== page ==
Expanded web feature: Bright spark brings virtual heart a step closer
Scientists reveal results from European research initiative
Duration: 0:01:52. Video and audio help
Peter Kohl describes how modelling can improve healthcare
Video footage of individual heart cells has revealed a link between cell structure and the generation of ‘calcium sparks’ that control the heartbeat at the cellular level. The finding is part of an international research drive to develop biomedical models to help improve heart research, diagnosis and, in the long run, treatment.
The coordinated action of billions of cells cause the chambers of the heart to contract and relax, pumping blood around the body. But in many heart diseases, synchronisation between different parts of the heart is disrupted.
A good heart: hard to find
It’s not clear where this disruption occurs, or even if the problem can be pinpointed to a single faulty part. Because the heart is made up of different types of cell that combine their actions as tissues, it could be a malfunction in the timing between or within tissues. Moreover, any local problem could be at the tissue, cellular or sub-cellular level, creating the headache of studying multiple, complex and interacting components at vastly different scales.
It’s like trying to locate an off-note in an orchestra when any one player, instrument, or part thereof, could be out of tune. One man brave enough to try is Peter Kohl, a physiologist at the University of Oxford. Kohl is one of the principal investigators of the Virtual Physiological Human (VPH) project, a Europe-led initiative to marry clinical data and biomedical imaging to construct sophisticated mathematical models that can better predict the onset and development of disease.
Kohl says the VPH is a huge collaborative effort, involving many teams in the UK, Europe, and from overseas. "VPH is all about trying to build the tools, the environment, and the ontologies to form a community to allow us to move toward computational and mathematical modelling of biological function."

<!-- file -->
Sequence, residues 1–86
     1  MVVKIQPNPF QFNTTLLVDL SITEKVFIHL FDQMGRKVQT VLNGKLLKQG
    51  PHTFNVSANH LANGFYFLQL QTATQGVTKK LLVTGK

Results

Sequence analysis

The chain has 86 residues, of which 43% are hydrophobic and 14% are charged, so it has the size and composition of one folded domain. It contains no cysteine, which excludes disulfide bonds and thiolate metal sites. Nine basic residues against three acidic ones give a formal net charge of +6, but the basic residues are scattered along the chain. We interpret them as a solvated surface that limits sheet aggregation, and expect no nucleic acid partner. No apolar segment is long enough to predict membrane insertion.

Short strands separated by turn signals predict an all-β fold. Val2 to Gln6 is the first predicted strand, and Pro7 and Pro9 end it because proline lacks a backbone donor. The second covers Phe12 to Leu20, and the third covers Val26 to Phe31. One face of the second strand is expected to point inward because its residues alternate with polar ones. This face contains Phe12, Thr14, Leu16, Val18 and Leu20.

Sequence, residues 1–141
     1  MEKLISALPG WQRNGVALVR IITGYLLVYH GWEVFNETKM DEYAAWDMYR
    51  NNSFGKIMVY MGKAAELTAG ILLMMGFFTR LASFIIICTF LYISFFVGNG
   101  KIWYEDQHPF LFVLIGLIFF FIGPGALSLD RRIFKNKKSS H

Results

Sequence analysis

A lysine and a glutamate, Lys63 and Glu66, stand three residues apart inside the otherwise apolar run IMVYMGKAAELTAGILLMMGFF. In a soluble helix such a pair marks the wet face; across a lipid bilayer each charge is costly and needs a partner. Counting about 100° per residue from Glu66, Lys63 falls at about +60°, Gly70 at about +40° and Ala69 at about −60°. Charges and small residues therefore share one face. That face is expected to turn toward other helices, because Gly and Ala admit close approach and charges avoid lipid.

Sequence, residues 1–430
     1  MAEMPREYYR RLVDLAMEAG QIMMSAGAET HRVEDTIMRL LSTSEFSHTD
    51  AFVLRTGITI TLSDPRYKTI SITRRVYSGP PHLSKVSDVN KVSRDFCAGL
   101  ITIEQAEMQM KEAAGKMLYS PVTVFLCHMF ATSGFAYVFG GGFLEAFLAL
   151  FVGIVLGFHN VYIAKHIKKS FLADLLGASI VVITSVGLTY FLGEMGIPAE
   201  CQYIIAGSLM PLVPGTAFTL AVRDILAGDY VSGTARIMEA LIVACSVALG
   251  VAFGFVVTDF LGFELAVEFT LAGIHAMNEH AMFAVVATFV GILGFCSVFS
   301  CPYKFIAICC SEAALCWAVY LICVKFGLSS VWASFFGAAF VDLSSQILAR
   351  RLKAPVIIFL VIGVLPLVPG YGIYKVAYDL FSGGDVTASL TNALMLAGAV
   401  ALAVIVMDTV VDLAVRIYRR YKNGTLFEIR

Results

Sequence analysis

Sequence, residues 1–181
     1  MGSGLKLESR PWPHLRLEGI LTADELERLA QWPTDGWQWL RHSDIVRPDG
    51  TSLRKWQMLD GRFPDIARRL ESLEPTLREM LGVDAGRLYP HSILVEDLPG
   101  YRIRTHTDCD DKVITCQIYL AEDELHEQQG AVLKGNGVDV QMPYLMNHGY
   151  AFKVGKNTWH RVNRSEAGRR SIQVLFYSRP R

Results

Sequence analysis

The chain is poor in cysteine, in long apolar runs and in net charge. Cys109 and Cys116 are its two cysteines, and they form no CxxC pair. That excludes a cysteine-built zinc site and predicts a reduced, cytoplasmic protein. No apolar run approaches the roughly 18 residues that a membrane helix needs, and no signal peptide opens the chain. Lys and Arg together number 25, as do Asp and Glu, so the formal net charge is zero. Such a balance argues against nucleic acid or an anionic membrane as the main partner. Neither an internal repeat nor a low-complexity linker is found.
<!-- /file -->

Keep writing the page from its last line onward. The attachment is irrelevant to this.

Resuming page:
On the ground, that means combining huge clinical data sets to better simulate cardiac functioning. This could mean scanning thousands of histological slices of an organ, hearts with arrhythmias (an irregular heartbeat) for instance, with the intention of combining that information with other data sets, such as electron micrographs or electrocardiograms of hearts with the same condition. "It’s trying to integrate bits of information from decades of a reductionist approach to molecular biology," Kohl says. "Basically, trying to put Humpty Dumpty back together."
Reconstructing a fully-functioning organ from disparate data is an immense task, but unlike all the King’s men, modern scientists are armed with the latest computer-aided imaging techniques. Transmission electron microscopy offers incredible resolution, but at a cost of a true three-dimensional view of the specimen. Kohl says that new techniques use thick specimen slices and more than one hundred images are taken as the specimen is incrementally rotated. "If you take enough pictures of a semi-transparent object and if you have enough angles you can reconstruct it in a 3D image," Kohl explains.
It’s an approach that is starting to show dividends. Investigating the interactions between the heart’s electrical control and mechanical pump activity at the cellular level, Kohl's recent studies, funded by BBSRC and the British Heart Foundation, have revealed a new link between the cell skeleton and how calcium signals control cardiac movement.
3D reconstruction of heart tissue and vascular architecture. Image: Dr Martin Bishop, University of Oxford
Click to view full-size image (102KB)
Calcium is the essential link between electrical activation and muscle contraction throughout the body. The mechanical movement of cells in turn feeds back to affect calcium ion activity. One manifestation of this is the classic Frank-Starling law of the heart, which states that heart muscle responds to an increasing blood volume by generating more forceful contractions to expel that blood. It’s an essential feedback mechanism to prevent too much blood entering the heart, but more than a century after its discovery, the underlying mechanisms of this phenomenon are not completely understood.